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Lost words I’ve loved this year

Why do we love finding new words so much? I think it’s because they make wisps of ideas whole, they tickle up stories, are beautiful music, make us giggle, or are simply delicious to say.

Here are my favourites from this year, found in Jeff Kacirk’s excellent Forgotten English calendar and writing my logophilic blogs.

Emily Dickinson wrote that a word begins to live the day it’s said. Why not give these words the kiss of life?

planetstruck: affected by the influence of the planets, and a flipping brilliant excuse for mistakes or misdemeanours, large or small

jackanape: a pert fellow and frankly my favourite kind

fondling: a person or thing fondled

croozle: to make a low whispering sound (perhaps because you’re a fondling)

dunnekin: is a much better word for loo than loo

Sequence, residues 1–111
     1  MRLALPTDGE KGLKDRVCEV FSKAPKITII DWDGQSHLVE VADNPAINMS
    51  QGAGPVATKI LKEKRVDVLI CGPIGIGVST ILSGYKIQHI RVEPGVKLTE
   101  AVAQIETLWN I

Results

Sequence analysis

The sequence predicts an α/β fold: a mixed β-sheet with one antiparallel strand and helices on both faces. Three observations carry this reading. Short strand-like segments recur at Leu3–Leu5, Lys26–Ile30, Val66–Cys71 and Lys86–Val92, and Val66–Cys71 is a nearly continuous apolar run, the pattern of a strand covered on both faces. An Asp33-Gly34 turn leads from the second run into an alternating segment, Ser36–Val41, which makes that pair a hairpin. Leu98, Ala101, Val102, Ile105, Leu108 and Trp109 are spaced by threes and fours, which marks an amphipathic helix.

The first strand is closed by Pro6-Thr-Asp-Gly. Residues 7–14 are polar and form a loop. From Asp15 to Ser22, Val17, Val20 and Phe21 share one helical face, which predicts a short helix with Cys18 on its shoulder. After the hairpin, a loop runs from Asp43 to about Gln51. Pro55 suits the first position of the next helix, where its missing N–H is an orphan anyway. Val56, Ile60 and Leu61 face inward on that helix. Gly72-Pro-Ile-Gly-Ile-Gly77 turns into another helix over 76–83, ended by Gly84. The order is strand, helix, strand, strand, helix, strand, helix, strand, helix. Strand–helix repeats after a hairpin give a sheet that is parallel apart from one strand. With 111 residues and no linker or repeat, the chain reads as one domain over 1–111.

quizziness: eccentricity - please apply this to me, thank you

cuthbert: a person in a cushy job - which I'd gladly become, if only I could find a…

funk-hole: a cushy job for a cuthbert

omphaloscopy: the word we didn’t know we needed for contemplation of the navel

elengenesse: making loneliness sound French and therefore kinda sophisticated and cool, assuming cool currently means cool

flurrigigs: has the definition useless finery, which I find censorious and illogical - finery is not meant to be handy in a crisis - but as the word’s a joy to say I shall use it in my own sweet way

vulpeculated: stolen from by a fox – my absolute favourite word of 2018, just because it exists.

Hooray! Wishing you a jocund if not blithesome holiday, chock full of festive words, and entirely free of vulpeculation.

“If the word doesn't exist, invent it; but first be sure it doesn't exist.” Charles Baudelaire.

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